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People/Characters: William Wells Brown

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Works (6)

TitlesOrder
Behind the Scenes: or, Thirty Years a Slave and Four Years in the White House by Elizabeth Keckley
The Civitas Anthology Of African American Slave Narratives by William L. Andrews
Early Black American Writers: Selections With Biographical and Critical Introductions by Benjamin Brawley
The Greater Journey: Americans in Paris by David McCullough
Harriet Jacobs: A Life by Jean Fagan Yellin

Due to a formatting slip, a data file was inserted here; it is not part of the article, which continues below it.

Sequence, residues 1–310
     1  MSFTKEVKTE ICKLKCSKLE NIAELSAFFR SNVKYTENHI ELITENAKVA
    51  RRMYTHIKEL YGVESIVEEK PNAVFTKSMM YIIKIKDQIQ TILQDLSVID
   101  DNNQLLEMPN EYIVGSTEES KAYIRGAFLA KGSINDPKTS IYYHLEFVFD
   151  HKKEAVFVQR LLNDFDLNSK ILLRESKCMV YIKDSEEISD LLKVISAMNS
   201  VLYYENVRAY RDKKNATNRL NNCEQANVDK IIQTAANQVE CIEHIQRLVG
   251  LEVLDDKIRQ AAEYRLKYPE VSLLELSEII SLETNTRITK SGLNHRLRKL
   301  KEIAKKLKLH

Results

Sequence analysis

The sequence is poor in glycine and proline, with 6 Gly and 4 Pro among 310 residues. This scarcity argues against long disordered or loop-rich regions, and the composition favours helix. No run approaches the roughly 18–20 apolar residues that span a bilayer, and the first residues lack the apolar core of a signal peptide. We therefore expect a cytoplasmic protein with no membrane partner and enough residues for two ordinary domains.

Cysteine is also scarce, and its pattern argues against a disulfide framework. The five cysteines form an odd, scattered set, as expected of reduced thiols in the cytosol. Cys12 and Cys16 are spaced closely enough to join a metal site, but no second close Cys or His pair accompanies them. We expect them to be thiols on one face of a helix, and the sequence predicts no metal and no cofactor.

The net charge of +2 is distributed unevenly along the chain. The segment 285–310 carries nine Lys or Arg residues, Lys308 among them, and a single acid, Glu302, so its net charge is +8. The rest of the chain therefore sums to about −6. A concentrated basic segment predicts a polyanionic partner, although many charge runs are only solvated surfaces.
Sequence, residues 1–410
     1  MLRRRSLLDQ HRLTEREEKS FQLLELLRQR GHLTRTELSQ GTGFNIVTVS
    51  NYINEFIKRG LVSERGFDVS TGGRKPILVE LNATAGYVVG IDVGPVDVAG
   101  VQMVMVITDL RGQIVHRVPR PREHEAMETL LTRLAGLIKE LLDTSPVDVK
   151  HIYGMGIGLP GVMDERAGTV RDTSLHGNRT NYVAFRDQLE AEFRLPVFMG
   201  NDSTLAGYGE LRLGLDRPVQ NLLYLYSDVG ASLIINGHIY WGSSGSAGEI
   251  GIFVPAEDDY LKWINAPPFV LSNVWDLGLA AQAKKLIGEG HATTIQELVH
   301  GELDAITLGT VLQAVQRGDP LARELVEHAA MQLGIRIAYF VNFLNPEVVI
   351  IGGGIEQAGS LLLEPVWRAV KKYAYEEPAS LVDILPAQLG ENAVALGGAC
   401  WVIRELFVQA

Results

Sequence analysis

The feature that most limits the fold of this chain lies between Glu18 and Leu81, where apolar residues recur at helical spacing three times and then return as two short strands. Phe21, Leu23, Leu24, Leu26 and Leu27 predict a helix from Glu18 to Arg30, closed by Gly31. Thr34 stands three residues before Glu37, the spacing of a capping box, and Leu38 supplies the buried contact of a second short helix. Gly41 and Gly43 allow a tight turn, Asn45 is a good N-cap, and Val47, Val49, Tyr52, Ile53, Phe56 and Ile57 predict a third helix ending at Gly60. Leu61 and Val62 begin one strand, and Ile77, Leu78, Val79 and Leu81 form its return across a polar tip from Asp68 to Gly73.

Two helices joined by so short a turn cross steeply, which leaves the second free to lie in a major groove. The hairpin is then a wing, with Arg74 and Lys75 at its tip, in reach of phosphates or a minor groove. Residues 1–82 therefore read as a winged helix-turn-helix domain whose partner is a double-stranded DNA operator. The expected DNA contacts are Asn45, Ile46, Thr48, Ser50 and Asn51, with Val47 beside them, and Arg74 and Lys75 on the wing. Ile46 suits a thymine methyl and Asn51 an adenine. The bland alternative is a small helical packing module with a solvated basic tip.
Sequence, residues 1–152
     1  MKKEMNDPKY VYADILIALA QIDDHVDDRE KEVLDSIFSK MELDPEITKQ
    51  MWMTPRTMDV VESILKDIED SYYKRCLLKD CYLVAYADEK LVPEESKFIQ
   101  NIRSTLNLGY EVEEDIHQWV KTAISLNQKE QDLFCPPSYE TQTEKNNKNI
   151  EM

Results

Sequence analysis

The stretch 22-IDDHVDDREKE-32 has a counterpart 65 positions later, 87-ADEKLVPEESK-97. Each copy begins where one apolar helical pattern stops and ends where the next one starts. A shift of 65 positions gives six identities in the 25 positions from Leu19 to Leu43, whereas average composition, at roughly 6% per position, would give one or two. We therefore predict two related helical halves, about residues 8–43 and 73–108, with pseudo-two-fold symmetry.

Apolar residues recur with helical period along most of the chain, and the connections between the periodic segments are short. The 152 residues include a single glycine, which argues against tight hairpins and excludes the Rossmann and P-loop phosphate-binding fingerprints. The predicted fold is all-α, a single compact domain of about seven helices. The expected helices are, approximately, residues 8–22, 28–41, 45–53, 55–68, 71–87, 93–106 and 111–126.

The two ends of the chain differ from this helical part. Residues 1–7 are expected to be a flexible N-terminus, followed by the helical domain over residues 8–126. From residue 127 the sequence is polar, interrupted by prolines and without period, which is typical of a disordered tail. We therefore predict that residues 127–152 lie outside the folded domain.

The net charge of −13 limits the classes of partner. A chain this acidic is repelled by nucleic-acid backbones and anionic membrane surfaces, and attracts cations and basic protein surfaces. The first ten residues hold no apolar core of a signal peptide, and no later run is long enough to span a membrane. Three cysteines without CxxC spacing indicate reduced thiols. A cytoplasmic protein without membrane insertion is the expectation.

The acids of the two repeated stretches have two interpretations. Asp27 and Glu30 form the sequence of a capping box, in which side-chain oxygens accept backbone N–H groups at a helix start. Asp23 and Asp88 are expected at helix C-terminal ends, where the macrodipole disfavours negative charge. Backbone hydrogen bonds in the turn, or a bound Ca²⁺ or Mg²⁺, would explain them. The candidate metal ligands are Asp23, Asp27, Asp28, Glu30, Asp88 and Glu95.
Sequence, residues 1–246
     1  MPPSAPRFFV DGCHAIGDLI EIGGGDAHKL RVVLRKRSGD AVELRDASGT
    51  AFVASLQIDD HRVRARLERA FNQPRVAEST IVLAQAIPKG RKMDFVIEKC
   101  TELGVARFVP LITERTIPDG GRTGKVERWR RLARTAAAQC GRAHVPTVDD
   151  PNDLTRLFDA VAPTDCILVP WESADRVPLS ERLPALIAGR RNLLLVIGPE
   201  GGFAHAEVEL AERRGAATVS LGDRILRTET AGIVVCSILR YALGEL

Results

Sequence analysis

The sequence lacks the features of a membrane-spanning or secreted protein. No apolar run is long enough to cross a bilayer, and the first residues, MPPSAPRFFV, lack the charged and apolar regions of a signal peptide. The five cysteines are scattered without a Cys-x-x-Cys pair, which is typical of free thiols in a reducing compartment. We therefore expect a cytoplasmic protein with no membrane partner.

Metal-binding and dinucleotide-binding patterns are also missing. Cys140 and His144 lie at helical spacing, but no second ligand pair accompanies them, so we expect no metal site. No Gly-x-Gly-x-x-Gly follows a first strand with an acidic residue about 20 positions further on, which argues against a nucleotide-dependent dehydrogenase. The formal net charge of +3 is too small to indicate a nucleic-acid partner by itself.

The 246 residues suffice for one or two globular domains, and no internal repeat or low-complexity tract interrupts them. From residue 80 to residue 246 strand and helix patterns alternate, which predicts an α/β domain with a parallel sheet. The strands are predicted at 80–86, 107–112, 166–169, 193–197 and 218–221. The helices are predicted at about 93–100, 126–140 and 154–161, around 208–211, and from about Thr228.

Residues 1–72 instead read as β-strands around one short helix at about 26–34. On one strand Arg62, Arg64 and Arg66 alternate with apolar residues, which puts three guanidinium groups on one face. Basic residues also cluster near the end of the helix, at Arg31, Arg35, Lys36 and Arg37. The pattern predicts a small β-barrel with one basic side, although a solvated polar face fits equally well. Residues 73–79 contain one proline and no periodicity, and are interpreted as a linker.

William Wells Brown: An African American Life by Ezra Greenspan

Character description

William Wells Brown (circa 1814 – November 6, 1884) was a prominent African-American abolitionist lecturer, novelist, playwright, and historian in the United States. Born into slavery in Montgomery County, Kentucky, near the town of Mount Sterling, Brown escaped to Ohio in 1834 at the age of 20. He settled in Boston, Massachusetts, where he worked for abolitionist causes and became a prolific writer. While working for abolition, Brown also supported causes including: temperance, women's suffrage, pacifism, prison reform, and an anti-tobacco movement. His novel Clotel (1853), considered the first novel written by an African American, was published in London, England, where he resided at the time; it was later published in the United States.

William Wells Brown in Wikipedia

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